Posted on July 3, 2008
In hindsight, it was poor resource allocation
While marveling at the very idea that 876 people work in editorial at the Los Angeles Times (and catching up on two months of blog reading), I read this:
… the question came to mind — if a newsroom, under economic pressure, can afford to lose 10, 20, 30 or even 50 staff positions now, why couldn’t those same newspapers have lost them five years ago — and lost them to the Internet side of the business?
Imagine if the Los Angeles Times had shifted 50 or 100 positions to web-only content production five or 10 years ago how much further along would LATimes.com be in audience growth today?
Indeed. It’s a very sobering thought. Not only for the L.A. Times, but for all the other newspapers too. Much time has been squandered while allowing non-Web-savvy managers to steer online news operations, and meanwhile, the public has been steadily moving online for almost all its information and communication activities. Yoo-hoo … hello … ?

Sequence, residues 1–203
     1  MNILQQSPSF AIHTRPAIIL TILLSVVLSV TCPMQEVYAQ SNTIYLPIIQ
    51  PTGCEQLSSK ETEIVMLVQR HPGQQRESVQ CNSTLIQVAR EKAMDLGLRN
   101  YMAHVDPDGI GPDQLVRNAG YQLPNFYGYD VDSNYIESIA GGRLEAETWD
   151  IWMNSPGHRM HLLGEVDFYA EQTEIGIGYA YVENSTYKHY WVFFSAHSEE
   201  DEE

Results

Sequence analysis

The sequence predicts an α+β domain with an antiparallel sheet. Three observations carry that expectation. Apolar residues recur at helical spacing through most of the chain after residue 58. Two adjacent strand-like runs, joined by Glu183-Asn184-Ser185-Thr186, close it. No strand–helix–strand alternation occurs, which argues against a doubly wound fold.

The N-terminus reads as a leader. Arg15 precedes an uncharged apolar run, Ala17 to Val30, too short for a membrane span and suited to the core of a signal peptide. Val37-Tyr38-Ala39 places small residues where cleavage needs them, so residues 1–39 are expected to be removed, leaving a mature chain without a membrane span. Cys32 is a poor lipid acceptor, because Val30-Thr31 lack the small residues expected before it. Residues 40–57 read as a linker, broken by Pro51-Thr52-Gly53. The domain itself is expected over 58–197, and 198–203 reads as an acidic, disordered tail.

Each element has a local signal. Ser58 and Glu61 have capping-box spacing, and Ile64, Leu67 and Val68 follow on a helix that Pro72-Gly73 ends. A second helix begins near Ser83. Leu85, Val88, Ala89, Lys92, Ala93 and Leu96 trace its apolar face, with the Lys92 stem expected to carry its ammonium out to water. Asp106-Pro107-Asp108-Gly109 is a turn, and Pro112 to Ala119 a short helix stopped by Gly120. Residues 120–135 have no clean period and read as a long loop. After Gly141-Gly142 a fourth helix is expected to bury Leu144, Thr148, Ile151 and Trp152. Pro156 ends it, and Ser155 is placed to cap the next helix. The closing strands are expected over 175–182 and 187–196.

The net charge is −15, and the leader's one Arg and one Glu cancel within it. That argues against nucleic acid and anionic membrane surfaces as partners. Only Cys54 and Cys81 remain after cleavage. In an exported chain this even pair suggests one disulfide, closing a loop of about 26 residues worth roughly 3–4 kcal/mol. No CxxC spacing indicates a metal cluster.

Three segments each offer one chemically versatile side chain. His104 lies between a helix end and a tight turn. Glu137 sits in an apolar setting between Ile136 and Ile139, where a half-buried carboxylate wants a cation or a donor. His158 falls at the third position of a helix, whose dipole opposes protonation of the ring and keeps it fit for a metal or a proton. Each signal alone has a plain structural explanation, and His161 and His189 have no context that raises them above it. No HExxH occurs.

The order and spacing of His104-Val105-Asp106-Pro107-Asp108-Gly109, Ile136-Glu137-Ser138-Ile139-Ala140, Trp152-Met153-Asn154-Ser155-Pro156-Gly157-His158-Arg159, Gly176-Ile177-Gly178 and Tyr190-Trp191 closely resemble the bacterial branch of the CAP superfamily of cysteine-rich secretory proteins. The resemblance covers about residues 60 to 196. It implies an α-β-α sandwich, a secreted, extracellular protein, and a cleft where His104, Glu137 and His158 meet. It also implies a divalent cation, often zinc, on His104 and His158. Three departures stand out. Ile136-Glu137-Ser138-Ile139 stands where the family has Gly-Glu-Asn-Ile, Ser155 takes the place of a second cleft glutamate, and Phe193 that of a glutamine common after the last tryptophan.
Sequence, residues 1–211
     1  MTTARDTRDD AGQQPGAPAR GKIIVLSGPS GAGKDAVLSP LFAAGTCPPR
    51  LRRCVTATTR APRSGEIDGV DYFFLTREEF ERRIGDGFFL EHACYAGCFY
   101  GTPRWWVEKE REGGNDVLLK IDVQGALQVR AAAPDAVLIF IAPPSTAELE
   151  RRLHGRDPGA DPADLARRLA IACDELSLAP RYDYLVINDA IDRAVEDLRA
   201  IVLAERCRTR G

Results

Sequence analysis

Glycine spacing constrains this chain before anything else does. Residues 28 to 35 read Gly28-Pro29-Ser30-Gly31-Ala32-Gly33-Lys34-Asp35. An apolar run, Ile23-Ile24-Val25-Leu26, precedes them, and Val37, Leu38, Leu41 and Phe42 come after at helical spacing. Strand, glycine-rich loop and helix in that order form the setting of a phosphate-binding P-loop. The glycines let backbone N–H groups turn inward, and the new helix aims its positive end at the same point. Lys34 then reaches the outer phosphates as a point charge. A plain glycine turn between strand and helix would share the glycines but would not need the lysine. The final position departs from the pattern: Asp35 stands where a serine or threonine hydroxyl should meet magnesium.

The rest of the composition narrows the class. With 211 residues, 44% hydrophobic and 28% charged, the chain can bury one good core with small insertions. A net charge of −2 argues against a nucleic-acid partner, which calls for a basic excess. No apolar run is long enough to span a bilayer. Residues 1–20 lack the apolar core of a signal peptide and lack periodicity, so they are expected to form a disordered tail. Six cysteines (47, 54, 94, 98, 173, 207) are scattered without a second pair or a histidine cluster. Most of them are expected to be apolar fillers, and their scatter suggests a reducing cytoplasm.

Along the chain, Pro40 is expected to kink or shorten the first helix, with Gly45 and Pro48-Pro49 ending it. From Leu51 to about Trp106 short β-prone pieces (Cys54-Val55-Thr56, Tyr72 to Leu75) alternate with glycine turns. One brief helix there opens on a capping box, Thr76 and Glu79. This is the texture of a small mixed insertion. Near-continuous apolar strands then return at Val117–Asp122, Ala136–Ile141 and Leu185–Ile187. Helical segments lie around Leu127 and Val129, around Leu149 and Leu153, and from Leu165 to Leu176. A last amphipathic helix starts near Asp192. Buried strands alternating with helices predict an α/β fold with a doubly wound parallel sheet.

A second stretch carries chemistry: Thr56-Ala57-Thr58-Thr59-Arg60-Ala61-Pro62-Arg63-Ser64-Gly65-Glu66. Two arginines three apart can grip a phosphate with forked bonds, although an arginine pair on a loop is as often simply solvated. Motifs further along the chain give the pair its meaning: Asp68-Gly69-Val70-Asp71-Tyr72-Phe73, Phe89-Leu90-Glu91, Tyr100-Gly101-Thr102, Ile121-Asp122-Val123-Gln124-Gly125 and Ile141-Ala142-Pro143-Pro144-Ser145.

I know there’s no point in crying over spilled milk, but maybe the publishers and executive editors and division heads could reflect, just a little bit, on how they consistently slighted the online staffing and the online work during the past 10 years. There were people in almost every newsroom who understood this sea change, if not in 1995, then at least by 1999. Their knowledge was ignored. There was ample time to set a wise course that would have brought many of these organizations to a safe harbor by now.
It would be a wonderful study for a scholar of enterprise management.
On the bright side, some managers are finally seeking new ideas:
We are charged to take a blank sheet of paper and come up with a way to make the Spokesman newsroom efficient while completing all of its objectives. The eight of us are meeting every day, often for several hours at a time, to work through this process.
That’s Nick Eaton, in Spokane, Wash. His editor gave him and seven other young journalists 11 days to write a plan.